Robert Browning: Poems
Discussion of The Bishop Orders His Tomb at Saint Praxed’s Church, Soliloquy of the Spanish Cloister and Confessions 12th Grade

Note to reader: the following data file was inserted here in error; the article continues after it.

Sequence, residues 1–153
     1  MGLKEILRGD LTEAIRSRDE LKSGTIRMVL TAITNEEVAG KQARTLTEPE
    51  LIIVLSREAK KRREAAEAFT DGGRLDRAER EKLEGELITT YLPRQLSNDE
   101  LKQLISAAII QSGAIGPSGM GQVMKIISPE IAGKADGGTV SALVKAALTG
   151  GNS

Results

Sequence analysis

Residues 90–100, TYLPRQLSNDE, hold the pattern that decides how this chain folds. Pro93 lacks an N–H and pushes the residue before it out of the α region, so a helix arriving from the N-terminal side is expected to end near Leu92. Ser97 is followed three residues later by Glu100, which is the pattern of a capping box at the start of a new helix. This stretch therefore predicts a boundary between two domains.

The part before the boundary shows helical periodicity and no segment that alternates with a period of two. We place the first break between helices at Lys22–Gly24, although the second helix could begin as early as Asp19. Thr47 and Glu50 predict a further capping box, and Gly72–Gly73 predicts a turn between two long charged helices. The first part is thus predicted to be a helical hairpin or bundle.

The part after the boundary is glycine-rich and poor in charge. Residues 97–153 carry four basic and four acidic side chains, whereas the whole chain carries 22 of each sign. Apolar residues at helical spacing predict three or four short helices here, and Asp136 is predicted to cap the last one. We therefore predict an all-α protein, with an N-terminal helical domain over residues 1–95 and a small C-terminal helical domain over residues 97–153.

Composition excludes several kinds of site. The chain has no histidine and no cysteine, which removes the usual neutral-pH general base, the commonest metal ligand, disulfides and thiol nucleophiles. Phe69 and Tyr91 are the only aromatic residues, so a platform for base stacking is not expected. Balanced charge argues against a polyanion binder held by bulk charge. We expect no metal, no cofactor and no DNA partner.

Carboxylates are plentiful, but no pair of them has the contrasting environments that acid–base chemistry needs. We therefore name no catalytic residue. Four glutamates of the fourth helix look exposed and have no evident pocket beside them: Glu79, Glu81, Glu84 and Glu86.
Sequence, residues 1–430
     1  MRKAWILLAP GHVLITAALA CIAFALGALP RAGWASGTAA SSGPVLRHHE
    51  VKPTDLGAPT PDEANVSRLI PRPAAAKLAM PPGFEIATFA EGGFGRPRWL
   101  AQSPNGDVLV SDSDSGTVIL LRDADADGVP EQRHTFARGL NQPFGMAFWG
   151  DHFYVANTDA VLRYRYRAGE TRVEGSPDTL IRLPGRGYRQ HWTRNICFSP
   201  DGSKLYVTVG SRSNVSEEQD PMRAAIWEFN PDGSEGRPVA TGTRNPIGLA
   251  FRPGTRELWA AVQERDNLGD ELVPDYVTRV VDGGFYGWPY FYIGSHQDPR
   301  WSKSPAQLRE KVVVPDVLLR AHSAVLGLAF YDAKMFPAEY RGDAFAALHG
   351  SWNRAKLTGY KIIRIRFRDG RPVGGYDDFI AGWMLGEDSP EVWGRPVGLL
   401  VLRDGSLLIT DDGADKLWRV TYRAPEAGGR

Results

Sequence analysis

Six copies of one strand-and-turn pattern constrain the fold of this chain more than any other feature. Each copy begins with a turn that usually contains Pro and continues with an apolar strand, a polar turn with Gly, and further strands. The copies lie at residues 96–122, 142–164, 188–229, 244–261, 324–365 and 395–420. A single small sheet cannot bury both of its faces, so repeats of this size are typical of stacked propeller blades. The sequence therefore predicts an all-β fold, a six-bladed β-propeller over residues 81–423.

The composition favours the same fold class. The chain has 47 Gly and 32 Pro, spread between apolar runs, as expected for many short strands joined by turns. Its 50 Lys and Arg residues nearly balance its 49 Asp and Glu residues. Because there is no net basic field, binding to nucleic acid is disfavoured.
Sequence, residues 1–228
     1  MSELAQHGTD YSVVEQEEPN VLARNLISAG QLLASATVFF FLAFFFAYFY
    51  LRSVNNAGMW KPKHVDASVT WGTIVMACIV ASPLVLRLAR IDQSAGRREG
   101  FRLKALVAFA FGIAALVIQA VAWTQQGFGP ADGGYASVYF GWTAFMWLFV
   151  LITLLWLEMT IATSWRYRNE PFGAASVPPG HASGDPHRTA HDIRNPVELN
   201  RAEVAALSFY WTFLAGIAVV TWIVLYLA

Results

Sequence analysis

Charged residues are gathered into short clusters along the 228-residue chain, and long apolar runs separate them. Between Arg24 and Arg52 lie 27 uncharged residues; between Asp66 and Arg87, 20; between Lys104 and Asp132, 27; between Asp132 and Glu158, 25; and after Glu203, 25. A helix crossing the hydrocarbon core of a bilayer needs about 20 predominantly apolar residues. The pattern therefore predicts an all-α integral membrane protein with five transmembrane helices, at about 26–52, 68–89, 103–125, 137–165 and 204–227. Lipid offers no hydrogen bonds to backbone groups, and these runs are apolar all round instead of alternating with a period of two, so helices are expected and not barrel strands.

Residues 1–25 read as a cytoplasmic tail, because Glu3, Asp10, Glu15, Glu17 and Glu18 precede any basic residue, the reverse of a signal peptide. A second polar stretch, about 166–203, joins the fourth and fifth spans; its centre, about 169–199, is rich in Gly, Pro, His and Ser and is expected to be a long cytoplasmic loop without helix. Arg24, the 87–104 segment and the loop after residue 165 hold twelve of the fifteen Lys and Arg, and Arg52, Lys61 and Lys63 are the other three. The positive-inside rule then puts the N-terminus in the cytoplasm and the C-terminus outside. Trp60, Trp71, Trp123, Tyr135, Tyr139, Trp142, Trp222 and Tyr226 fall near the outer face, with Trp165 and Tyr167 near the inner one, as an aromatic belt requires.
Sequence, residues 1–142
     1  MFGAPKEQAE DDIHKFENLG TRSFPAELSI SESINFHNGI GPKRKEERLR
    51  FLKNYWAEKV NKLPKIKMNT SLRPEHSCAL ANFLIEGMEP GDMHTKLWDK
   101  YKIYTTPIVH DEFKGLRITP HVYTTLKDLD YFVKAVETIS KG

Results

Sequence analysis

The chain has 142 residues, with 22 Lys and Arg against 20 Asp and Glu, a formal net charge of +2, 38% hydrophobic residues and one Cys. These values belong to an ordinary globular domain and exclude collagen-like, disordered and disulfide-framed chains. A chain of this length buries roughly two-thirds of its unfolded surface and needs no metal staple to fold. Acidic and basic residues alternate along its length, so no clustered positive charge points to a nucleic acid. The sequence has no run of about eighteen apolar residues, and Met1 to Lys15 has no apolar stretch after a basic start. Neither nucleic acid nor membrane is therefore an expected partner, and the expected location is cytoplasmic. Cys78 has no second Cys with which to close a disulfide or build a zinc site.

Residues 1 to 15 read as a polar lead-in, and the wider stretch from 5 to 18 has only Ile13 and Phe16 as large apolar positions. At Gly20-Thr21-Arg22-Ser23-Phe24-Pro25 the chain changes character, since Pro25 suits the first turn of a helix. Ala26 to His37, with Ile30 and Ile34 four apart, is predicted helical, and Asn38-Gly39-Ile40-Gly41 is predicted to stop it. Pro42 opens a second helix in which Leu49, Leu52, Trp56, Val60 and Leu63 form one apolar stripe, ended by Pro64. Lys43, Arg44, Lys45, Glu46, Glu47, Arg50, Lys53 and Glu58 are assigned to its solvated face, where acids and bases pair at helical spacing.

Robert Browning ubiquitous examination of religious authority and its shortcomings becomes apparent within the very title of The Bishop Orders His Tomb at Saint Praxed’s Church. The religious reference to Saint Praxed carries ironic connotations, as whilst Saint Praxed herself was chaste, the monologist subverts his priestly requirements and engages in sexual acts. Therefore Browning here highlights the hypocritical nature of the religious figures of the time. While religious authorities of Browning’s time period espoused values of loving one’s neighbour, both The Bishop Orders His Tomb at Saint Praxed’s Church and Soliloquy of the Spanish Cloister deconstruct such doctrines as further evidence of religious duplicity. Ironically referencing his own “Peace”, the Bishop of the former poem exclaims “God curse the same!”. Emphasized by the exclamation mark, the vituperative application of the Catholic deity against the Bishop’s nemesis, Gandolf, is depicted by Browning to demonstrate the disrespect and disregard of supposedly devout figures for the very cornerstones of their faith. In a similar fashion, the narrator of the Soliloquy of the Spanish Cloister refers to Brother Lawrence as a “Manichee”, a non-vocative pejorative...
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